The Brighton Area Fire Authority (BAFA) is getting an influx of new blood with its recent hire of 22 new paid-on call firefighters since September.
Of those new firefighters, 16 began the Fire Academy this week.
BAFA currently has 91 paid on-call firefighters, but is basically always hiring, according to Brighton Area Fire Chief Mike O'Brian.
The department lost 27 firefighters in 2011 due to various factors like job relocation, time commitments and more, then another 11 in 2012. O'Brian said the department will probably be in a state where they need to hire 20 to 25 new firefighters every year.
Each firefighter is required to complete the State of Michigan Fire Fighter I and II training as well as complete Medical First Responder (MFR) training before they are allowed to participate in an emergency.
BAFA will host the Livingston County Fire Academy, as it has for the last few years, at Station 32 on Old US-23 near Hyne Rd. In addition to Brighton new hires, cadets from Wixom, Walled Lake, South Lyon and Putnam Township will also be participating.
The 16 new hires is the largest group Brighton has had going in, according to BAFA HR Director Anne Campbell.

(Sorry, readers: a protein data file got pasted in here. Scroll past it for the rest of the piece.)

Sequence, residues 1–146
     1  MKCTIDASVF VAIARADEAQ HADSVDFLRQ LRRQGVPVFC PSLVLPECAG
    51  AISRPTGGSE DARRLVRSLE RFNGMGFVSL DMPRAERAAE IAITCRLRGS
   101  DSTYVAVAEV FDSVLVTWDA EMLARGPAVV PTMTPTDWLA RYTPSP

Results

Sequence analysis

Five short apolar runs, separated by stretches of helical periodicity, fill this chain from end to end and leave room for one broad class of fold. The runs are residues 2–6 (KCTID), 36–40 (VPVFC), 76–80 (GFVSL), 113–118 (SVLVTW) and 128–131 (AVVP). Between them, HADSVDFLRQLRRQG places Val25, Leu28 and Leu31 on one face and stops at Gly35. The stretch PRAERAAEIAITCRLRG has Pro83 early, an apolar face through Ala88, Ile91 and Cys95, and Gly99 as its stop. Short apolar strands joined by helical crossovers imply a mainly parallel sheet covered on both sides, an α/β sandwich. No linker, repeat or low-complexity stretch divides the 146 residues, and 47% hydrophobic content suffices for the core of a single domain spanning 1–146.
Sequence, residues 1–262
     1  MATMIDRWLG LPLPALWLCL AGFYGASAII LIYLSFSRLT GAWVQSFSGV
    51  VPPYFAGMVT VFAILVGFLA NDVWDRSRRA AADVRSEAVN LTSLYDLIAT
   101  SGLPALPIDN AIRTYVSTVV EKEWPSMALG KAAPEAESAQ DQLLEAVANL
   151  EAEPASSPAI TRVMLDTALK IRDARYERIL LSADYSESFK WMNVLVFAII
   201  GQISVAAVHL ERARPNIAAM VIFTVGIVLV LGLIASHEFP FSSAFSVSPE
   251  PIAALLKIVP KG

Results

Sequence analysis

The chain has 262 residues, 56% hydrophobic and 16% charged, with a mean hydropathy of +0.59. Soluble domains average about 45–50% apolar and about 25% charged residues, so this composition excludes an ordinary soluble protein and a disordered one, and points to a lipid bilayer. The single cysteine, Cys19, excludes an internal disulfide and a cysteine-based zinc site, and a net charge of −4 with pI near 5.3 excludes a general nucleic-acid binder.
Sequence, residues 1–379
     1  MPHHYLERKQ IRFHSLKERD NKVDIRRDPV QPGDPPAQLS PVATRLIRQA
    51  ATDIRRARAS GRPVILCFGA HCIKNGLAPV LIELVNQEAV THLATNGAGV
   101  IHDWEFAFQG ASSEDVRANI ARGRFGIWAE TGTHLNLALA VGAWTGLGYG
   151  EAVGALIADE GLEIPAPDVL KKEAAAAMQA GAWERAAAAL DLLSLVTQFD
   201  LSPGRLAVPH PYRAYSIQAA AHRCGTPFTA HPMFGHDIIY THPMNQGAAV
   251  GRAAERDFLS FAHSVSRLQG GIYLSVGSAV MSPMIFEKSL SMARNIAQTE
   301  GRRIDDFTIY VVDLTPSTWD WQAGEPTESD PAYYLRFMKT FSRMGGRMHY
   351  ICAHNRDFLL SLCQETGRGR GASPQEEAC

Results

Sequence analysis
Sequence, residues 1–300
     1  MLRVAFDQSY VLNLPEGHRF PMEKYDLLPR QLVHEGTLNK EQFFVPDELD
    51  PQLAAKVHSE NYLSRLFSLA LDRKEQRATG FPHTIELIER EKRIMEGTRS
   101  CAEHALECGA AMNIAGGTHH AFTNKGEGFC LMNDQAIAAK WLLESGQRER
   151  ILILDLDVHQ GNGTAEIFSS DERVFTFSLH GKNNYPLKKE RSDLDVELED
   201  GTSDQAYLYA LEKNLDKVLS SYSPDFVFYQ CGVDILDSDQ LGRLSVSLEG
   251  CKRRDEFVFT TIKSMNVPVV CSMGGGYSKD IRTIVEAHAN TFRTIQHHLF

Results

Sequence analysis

The academy will finish by the end of July, where cadets will then pick up on-the-job training, which includes job shadowing, mapping, learning policies and operational procedures as well as learning to work with a team.
"From my opinion, the academy just their base (training)," O'Brian said. "The calls we go on require our men and women to think really weird and crazy stuff, especially with all the freeway we have and our demographic. So we expect them to operate at a very efficient level. If you think about what you want when they step off a fire truck, you don't want the B Team or the JV Team - you want the Varsity Team, you want the big guys. So really there's a lot of training that happens outside of that formal process as well."
However, not all 16 new hires are expected to make it through all the training.
Campbell said the department began tracking retention through training in 2008, when they were losing half of their trainees. Since then, with the use of competency tests, the number has improved a great deal.
It costs BAFA about $10,000 to put a single firefighter through the academy, according to Campbell.
And that's without gear, O'Brian added.
By the very end of their training and with the purchase of gear and masks, that number jumps to about $20,000 per person, O'Brian said.
"We now have competency tests because what we're trying to do is find firefighters with the right make-up," he said. "It's not just about if they want to help their community, we want to make sure they're going to be a good fit for us."
For more information about becoming a paid on-call firefighter, visit brightonareafire.com.
"We're always looking for good people," O'Brian said.